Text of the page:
The world to reverse is the official August 2006 English translation of a March Japanese freeware visual novel of the same name. To be precise, the world of reverse is a two-part project containing a pair of short, distinct visual novels created by circle 17. It is structurally similar to another translated pair of novels from 17 that I reviewed and that was translated in 2005, I, Too, Saw Dreams Through Air.
The first novel in The world to reverse is hallucinate:
The second is Flanca:
I am reviewing The world to reverse as part of my project to review nearly all of the 31 freeware Japanese visual novels translated into English for the 2005, 2006, and 2008 al|together festivals.
You can learn more about my al|together project by reading my project introduction article. That article includes a running list of our completed al|together reviews. I have a dedicated collection post with links to all of our al|together articles, including reviews, essays, and short posts.
The novels, hallucinate and Flanca are not related to one another beyond being created by the same circle for the same project. The first novel, hallucinate is a creepy story featuring a bedridden protagonist and a mysterious red-eyed girl who seems to hate him very much. Flanca is an entirely text-based adventure set in what appears to be a fictional area based on Medieval Europe, ridden with plague and castrated boys performing at the local theater. As one may infer from these descriptions, the material of The world to reverse is heavier than most of the al|together set and it comes with a recommendation that it is intended for readers aged 15 and up.
|Title||The world to reverse.|
|Release Date||August 19, 2006|
|Official Website||al|together 2006|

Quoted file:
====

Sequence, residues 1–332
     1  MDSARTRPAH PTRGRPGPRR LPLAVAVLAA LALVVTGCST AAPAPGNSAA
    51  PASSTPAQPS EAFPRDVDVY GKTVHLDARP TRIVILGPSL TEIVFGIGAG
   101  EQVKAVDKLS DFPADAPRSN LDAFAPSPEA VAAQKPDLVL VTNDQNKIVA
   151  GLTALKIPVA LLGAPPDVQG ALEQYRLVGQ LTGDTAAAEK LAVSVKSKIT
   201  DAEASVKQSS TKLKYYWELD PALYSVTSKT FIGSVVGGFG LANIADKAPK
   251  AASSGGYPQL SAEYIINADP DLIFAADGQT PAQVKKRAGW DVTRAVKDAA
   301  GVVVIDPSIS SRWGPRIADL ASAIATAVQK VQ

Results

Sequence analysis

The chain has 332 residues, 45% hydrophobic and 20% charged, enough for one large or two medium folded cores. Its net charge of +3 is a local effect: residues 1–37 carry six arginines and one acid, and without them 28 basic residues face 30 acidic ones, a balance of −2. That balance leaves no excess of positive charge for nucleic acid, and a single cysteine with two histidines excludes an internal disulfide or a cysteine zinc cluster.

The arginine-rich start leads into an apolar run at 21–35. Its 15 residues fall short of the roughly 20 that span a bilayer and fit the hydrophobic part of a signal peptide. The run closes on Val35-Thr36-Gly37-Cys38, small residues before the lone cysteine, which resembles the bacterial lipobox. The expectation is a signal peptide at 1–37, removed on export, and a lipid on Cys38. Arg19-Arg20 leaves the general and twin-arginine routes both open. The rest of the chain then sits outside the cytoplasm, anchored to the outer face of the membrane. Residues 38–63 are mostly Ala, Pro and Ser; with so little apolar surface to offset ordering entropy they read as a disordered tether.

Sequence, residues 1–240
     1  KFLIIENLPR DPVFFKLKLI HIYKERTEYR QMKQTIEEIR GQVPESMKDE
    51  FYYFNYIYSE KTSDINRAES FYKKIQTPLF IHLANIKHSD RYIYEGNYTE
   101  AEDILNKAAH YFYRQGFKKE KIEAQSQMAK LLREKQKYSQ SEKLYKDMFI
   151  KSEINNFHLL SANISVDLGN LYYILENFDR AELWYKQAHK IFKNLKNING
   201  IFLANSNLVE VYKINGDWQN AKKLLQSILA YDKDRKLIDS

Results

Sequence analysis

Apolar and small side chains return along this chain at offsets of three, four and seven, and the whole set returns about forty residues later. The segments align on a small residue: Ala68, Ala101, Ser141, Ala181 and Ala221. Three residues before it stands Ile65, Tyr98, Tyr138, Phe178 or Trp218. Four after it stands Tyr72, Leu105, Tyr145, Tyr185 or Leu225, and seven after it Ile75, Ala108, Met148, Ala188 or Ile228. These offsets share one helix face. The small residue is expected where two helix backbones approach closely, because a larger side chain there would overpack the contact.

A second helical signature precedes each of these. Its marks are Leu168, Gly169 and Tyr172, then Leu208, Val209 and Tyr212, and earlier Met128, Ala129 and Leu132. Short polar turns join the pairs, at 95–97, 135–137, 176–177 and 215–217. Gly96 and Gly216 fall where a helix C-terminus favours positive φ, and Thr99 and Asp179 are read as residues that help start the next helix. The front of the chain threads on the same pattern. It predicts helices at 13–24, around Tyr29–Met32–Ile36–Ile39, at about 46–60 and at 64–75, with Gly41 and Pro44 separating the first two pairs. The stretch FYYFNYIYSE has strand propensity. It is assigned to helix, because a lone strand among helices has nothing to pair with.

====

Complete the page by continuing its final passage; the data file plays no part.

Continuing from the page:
|Title||The world to reverse.|
|Notes||hallucinate is written by Yuki, Flanca is written by Ritsu|
|Original Release||March 31, 2006|
|Official Website||17; Official Download|
Some issues running The world to reverse
The Japanese version of The world to reverse is written in NScripter, which is true of most of the novels that were translated for al|together (including 17’s other words, Adagio and I, too, saw dreams through air). The English translation was written and coded with a customized version of ONScripter (the source can be downloaded from the al|together 2006 site).
Because I run Linux, I always try to run al|together novels with one of the newer versions of ONScripter-EN, either a 2011 build or the new, currently maintained version. I have explained how to run ONScripter-EN games natively on Linux and how to extract the contents of a Windows ONScripter .exe file to do so.
However, I ran into a couple of issues with The world to reverse which led to my ultimately running the original 2006 Windows version on top of WINE.
The first of the two novels, hallucinate, has some interesting visual effects and uses MIDI (long the bane of my ONScripter-EN adventures) for its sound. Everything except the sound worked when I ran it with newer versions of ONScripter-EN (the original Linux build does not work on my system). I used the same MIDI set-up that has worked for most other native Linux ONScripter-EN novels, but I could not get sound in hallucinate. However, I will note that hallucinate only has a single sound track, so in theory one could play it in the background while enjoying the native Linux version of the game.
Flanca has no music at all, so sound was not a concern. However, the text display for choices was a bit off when running it with a newer ONScripter-EN build. The choices are supposed to appear beneath the preceding text. However, with a recent ONScripter-EN version, the choice replaces the preceding text.
After fiddling with it a bit, I decided to run the original Windows versions hallucinate and Flanca on top of WINE. Here, I had one minor issue involving sound skilling with a Lutris build of WINE, but both ran perfecting with Wine Staging 8.10. No additional set-up was required.
I will update this section if some of the issues with The world to reverse are resolved in subsequent ONScripter-EN releases. For the time being, I recommend running the original Windows version (either natively or on top of WINE).
General overview of The world to reverse.
The two novels which make up The world to reverse do not share a story, common theme, or aesthetic style. For that reason, I will generally discuss them separately. Due to how they are written, I will be very limited in what I say about the stories in order to avoid spoilers.